27. For a GGF dispensationalist who holds Paul on a rather Large pedestal this passage of scripture may be one of the more humanizing moments in scripture as it shows Paul in a position where he may not actually be correct in his frustration. Paul is uninterested in having John Mark him and Barnabas because he left before. Although Paul is upset this hardly meant that John mark would have been of no use and it would seem that Barnabas was able to see this truth while Paul in his frustration could not. One might be able to see that even Paul later came to the conclusion that John Mark had value once his anger passed because in both 2 timothy 4:11 and Colossians 4:10 Paul speaks well of him suggesting both that he is useful and should be treated well. Perhaps Paul and John Mark were not able to see eye to eye at first but over time and once the initial issue had passed the two were able to see the other in a better light that allowed them to have reconciliation and a ministry at a later point.

  28. I find both parties point of view here very interesting. First off I think it shows even more how radical Paul’s theology was compared to the Jerusalem church. Honestly it seems to me a little start to different denominations. People today get so bent out of shape over what other Christian’s believe or don’t believe and it ends up separating the church. I can understand why Paul separated from those two, for not having the same theology and for John Mark to have already fallen away once. But this is already starting separation among the church. Maybe if they went with Paul they could have better understood why he believed what he did, and the way that God was working through him to not only reach the Jews but also the Gentiles, which was so controversial back in Biblical times.

    • Interesting view and point Ren about denomination possibilities in the beginning stages of the early church becoming what we see as the modern church with hundreds of different denominations. In the same way, should Paul show grace to John Mark and allowed him to understand the theology and heart of God’s desires to unite Jews and Gentiles together or is it that John Mark won’t change his mind or heart on a position that makes rational sense to himself. Does John Mark seek the truth of teaching others or does that mean within his comfort zone of people like-minded that Christ is the Savior and Redeemer to the church of Jerusalem in their ideology? Furthermore, the question forms around what could have caused the two to be reunited in there mission. I believe that we all want to claim to be right and we all have something theology that we claim as sound, yet we all strive to serve Christ and we all desire to reflect Christ as Christians. In different denominations, we have varying opinions that we try to live out the truth in sound theology beliefs. Yet we focus on our own personal beliefs more than God’s. The odds that one denomination has the perfect denominational structure without error or flaw. Like Paul and John Mark we have to understand we are one body that meets people and individuals in ways that look and are articulated differently that still strive to present the gospel to others.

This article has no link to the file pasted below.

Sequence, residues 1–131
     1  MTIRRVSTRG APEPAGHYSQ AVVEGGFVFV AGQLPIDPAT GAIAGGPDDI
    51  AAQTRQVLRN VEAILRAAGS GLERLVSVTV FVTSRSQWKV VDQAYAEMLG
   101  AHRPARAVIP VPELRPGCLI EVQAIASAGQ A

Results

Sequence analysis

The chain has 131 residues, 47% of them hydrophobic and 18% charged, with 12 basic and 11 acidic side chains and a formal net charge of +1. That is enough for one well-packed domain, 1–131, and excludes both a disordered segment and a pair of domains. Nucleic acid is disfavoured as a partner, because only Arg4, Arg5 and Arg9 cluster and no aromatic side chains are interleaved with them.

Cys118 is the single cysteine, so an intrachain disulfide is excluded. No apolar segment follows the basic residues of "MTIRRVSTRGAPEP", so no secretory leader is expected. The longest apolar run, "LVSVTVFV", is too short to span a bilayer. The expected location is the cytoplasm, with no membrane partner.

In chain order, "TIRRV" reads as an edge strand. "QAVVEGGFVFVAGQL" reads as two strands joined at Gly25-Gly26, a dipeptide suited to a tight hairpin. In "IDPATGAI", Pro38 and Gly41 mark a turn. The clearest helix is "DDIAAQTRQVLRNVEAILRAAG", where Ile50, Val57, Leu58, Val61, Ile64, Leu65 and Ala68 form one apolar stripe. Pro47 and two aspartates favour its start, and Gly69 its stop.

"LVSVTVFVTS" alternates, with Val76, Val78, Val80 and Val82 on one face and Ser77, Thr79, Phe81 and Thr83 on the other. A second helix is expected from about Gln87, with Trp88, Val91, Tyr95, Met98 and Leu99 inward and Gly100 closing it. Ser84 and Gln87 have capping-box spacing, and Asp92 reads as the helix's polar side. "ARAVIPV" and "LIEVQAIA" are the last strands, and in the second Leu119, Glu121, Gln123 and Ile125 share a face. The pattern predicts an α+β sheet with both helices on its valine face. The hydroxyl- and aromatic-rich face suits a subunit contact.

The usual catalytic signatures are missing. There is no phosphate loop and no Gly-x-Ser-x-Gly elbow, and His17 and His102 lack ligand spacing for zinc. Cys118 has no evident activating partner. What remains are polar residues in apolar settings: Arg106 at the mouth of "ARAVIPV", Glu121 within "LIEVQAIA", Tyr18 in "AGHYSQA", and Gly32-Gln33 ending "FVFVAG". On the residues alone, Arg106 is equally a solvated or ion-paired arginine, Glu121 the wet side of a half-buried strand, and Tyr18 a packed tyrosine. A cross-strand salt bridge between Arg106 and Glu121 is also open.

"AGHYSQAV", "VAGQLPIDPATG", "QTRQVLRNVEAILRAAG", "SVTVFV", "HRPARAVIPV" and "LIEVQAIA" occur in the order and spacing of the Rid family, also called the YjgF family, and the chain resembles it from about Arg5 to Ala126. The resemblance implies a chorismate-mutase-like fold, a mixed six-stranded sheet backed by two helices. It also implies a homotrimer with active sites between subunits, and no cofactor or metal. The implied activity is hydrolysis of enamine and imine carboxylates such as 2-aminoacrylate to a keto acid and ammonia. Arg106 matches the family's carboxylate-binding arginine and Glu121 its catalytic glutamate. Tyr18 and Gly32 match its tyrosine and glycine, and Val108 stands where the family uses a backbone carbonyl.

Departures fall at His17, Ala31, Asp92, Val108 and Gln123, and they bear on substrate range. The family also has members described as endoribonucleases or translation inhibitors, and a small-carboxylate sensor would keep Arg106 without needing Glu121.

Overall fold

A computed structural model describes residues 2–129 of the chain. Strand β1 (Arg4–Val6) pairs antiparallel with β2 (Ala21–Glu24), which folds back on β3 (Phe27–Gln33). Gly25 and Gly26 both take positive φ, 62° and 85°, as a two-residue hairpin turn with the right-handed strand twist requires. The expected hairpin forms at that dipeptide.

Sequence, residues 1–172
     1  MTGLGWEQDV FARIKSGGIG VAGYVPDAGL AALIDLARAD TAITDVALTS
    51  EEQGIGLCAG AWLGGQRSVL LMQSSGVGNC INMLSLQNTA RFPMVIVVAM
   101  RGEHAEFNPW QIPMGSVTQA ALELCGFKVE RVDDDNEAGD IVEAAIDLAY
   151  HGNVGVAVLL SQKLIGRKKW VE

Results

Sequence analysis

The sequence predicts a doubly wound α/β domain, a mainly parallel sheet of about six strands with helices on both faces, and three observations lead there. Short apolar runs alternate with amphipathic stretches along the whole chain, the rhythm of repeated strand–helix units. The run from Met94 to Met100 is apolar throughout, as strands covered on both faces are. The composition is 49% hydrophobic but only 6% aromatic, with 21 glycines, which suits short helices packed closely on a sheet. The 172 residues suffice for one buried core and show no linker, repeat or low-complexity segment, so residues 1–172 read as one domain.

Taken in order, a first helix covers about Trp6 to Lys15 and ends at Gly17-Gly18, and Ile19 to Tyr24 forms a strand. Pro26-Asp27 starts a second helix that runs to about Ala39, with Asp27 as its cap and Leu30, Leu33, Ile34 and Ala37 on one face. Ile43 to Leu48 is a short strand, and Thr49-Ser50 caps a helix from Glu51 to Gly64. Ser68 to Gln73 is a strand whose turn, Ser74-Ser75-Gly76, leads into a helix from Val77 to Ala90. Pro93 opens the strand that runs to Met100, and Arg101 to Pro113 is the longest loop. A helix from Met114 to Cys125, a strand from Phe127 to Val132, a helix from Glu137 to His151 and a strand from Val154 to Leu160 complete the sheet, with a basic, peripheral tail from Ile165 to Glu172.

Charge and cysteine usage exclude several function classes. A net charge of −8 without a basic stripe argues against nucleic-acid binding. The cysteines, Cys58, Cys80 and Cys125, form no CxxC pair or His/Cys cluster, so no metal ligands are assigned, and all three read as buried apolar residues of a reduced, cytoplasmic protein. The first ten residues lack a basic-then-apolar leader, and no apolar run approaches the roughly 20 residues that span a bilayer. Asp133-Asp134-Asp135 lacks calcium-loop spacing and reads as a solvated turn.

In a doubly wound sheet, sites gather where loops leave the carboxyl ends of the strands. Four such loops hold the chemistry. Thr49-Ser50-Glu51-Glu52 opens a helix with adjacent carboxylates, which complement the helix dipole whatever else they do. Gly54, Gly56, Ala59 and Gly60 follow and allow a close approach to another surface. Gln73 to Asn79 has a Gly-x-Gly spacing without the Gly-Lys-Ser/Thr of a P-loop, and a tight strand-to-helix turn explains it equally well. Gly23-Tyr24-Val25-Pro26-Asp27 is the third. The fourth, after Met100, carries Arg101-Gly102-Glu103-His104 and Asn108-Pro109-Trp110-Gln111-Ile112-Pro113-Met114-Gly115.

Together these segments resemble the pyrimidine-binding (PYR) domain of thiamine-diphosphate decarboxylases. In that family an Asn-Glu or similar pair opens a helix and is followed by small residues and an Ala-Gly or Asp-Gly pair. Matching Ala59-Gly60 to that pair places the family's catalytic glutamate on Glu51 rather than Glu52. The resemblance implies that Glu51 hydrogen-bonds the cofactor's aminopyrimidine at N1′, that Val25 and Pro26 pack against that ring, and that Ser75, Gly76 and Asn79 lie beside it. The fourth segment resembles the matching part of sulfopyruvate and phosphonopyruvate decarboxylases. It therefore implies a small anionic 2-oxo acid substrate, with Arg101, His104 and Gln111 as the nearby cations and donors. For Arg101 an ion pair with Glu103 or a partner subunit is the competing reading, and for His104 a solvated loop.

29. I find it to be quite interesting that Paul turned John Mark away when he was hoping to rejoin the mission of Paul and Barnabas. Paul’s journey was one that taught of God’s grace and he did not give John Mark a second chance like Barnabas wanted. I think that allowing John Mark back in would have been a bad idea, but it would have been a good teaching/ preaching moment/story because of the grace that would have been shown like you mentioned. Paul made a decision based on previous patterns and behaviors of John Mark which is reasonable. Barnabas and John Mark probably realized that he wasn’t showing grace, which was what they were so adamantly preaching, so they decided to part ways from Paul. Their disagreement about John Mark and showing him grace after he decided to depart from them once before is understandable, and I think that there is still such a big division over the topic of grace (more specifically how grace is to be shown). The grace of God is to be shown and taught to people, but we are not God and therefore do not need to be as gracious. There is a difference between divine grace from God and human graciousness which I think Paul knew to be different and separate not required to be together; and Barnabas and John Mark thought they should intertwine and be thought of similarly (Luter).

    Luter, Boyd A. “Grace,” Lexham Bible Dictionary. Edited by J. Barry et al. (Bellingham: Lexham Press, 2016).

  30. What I find interesting in this story is not necessarily the disagreement, but the result. Because of our sin nature, disagreements will happen regardless of the spiritual maturity of the individuals involved. I think we can see that in churches today. While it is not desired, it is unfortunately a natural part of life. However, what I found interesting is that out of this disagreement between Paul and Barnabas, the message of the gospel had a larger opportunity to spread throughout the Mediterranean. It is clear God had a plan in this seemingly negative episode. Polhill reminds us of the sovereignty of God even in a seemingly divisive situation, as Barnabas went on to encourage the churches in Cyprus while Paul went to Syria, Cilicia, and Galatia (2166). Additionally, both Mark and Silas continued to have “significant ministries themselves” (2166). While dissension and disagreements within the church are never desired and do have a negative impact on the spiritual growth of the church, it is important to remember that even out of such situations God can (and does) still work. Church splits are never a desired outcome, but even so God’s word might be able to spread farther than expected.